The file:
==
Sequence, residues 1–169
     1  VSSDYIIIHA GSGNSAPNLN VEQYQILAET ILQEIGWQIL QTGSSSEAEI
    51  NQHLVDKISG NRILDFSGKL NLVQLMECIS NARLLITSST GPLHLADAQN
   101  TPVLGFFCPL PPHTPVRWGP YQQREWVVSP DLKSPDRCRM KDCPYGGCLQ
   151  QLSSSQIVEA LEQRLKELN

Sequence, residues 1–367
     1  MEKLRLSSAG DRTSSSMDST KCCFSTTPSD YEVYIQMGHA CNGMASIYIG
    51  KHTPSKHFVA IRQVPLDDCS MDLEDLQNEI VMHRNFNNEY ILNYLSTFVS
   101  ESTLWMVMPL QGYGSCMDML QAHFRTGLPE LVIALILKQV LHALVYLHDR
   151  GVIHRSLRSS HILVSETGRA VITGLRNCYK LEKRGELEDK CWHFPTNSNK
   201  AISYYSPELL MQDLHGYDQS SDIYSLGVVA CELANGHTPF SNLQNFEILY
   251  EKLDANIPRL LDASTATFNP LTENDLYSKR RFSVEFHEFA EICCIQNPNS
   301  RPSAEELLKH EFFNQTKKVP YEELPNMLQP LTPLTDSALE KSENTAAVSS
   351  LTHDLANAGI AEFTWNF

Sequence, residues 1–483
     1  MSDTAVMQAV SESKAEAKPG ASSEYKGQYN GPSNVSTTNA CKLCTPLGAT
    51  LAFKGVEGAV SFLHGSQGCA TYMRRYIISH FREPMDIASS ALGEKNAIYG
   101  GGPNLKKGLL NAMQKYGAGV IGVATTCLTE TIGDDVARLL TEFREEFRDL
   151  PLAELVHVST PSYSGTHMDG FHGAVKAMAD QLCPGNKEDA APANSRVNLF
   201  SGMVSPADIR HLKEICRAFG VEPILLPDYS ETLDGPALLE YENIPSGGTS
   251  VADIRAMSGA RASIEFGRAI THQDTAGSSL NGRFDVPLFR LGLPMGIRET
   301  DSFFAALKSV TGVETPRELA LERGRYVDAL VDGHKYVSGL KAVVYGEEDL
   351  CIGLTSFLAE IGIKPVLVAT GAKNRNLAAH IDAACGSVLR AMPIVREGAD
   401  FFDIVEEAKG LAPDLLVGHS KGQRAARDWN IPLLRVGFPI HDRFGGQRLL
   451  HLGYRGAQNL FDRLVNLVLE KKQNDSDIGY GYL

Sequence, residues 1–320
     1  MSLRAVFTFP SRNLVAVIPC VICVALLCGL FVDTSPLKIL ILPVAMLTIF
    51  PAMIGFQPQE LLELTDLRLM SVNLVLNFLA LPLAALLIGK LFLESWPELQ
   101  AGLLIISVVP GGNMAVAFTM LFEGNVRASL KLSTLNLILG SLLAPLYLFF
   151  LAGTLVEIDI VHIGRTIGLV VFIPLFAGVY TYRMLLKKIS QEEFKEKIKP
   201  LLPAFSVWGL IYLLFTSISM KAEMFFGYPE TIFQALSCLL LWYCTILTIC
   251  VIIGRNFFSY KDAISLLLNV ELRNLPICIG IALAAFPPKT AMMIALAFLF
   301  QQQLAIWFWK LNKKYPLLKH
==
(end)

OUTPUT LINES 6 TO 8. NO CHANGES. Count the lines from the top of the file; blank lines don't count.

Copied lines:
Sequence, residues 1–367
     1  MEKLRLSSAG DRTSSSMDST KCCFSTTPSD YEVYIQMGHA CNGMASIYIG
    51  KHTPSKHFVA IRQVPLDDCS MDLEDLQNEI VMHRNFNNEY ILNYLSTFVS